The HMCS Chicoutimi seen departing March 2, 2017 during Prime Minister Trudeau’s visit to CFB Esquimalt. (THE CANADIAN PRESS/Chad Hipolito)

The HMCS Chicoutimi seen departing March 2, 2017 during Prime Minister Trudeau’s visit to CFB Esquimalt. (THE CANADIAN PRESS/Chad Hipolito)

Veterans Affairs Minister injured while touring submarine in Victoria

Minister Lawrence MacAuley evacuated after sustaining minor knee injury

Canada’s minister of Veterans Affairs was injured during a tour of a submarine in Esquimalt Thursday, confirms Canadian Armed Forces.

Minister Lawrence MacAuley was touring HMCS Chicoutimi when he had to be evacuated from the Victoria-class long-range patrol submarine after sustaining a minor knee injury.

“He’s fine. They took precautions and are getting it checked out by a doctor,” said the minister’s press secretary, Alex Wellstead. “He will probably be walking a bit slower, but he is expected to head to Vancouver as planned tomorrow.”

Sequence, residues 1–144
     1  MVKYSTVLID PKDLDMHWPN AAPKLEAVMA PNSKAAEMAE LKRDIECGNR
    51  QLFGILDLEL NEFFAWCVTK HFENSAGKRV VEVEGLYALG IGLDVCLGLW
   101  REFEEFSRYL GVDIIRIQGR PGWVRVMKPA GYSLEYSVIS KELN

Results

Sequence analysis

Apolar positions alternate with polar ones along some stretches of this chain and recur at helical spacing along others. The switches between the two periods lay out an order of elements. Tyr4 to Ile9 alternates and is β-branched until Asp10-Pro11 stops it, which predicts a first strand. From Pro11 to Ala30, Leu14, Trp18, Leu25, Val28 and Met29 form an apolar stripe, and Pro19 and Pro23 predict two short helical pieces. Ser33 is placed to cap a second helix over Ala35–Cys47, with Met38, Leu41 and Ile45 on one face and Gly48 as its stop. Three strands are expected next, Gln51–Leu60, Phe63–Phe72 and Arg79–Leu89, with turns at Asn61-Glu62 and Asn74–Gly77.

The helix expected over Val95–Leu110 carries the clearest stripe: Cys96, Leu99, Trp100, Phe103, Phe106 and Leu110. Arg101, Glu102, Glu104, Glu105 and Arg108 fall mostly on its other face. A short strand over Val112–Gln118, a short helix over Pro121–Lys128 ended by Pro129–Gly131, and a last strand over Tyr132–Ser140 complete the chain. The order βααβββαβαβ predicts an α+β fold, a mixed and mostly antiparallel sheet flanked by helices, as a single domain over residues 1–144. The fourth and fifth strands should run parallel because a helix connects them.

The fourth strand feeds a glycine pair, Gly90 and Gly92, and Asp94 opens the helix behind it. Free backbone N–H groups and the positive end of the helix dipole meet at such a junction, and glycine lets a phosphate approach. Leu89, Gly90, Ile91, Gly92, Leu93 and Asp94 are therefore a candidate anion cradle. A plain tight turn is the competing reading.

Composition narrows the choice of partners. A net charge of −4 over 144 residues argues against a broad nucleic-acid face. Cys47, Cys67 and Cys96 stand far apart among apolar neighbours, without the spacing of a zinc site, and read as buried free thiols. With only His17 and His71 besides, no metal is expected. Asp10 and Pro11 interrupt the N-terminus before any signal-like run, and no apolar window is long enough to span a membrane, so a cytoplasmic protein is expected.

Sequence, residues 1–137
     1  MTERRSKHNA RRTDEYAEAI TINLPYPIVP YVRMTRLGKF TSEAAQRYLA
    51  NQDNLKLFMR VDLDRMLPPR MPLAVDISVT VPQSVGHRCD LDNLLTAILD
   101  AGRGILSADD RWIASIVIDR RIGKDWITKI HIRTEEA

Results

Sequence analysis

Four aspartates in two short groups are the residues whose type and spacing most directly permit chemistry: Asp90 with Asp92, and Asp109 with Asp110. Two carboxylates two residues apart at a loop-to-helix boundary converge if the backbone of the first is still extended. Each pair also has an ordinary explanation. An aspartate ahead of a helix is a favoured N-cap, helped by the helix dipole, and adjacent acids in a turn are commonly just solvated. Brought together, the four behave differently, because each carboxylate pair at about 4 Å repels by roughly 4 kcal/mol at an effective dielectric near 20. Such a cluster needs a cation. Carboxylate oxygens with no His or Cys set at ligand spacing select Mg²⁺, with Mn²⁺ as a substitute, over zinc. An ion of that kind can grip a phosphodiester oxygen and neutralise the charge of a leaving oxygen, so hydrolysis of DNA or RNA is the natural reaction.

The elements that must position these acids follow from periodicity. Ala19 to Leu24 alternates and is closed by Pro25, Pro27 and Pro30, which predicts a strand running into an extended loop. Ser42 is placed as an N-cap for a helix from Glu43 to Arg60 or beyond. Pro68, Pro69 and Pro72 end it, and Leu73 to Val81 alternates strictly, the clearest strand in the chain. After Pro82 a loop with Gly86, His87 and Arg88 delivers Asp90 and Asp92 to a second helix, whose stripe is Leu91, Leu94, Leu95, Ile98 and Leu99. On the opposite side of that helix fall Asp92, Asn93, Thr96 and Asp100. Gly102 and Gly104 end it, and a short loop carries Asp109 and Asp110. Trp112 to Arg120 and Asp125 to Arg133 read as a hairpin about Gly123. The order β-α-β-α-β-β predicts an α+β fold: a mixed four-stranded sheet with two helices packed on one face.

The longtime MP was touring CFB Esquimalt in his new role as veterans-affairs minister, a position he stepped into earlier this month as part of a minor cabinet shuffle after the resignation of Jody Wilson-Raybould.

RELATED: Trudeau names longtime MP as new veterans-affairs minister in cabinet shuffle

The main role of a Victoria-class submarine is intelligence, surveillance and reconnaissance.

In 2017, HMCS Chicoutimi embarked on a successful 197-day voyage – the longest deployment of a Victoria-class submarine.

The voyage followed an extended period in dry dock after the submarine was taken out of service in 2004. A tragic fire on board the HMCS Chicoutimi in 2004 killed Lt. Chris Saunders and injured eight others just hours into its maiden voyage traversing the Atlantic.

Canada’s stealth surveillance abilities are getting a boost in Esquimalt as the Canadian Navy’s four Victoria-class long-range patrol submarines rotate into dry dock to be fitted with new masts and communication systems.

HMCS Corner Brook is currently at Victoria Shipyards undergoing its Extended Docking Work Period (EDWP) and will become the first of the four to be equipped with the new Universal Modular Mast being referred to as a “game changer.”

RELATED: Canada boosts stealth surveillance abilities in Esquimalt


 

keri.coles@blackpress.ca

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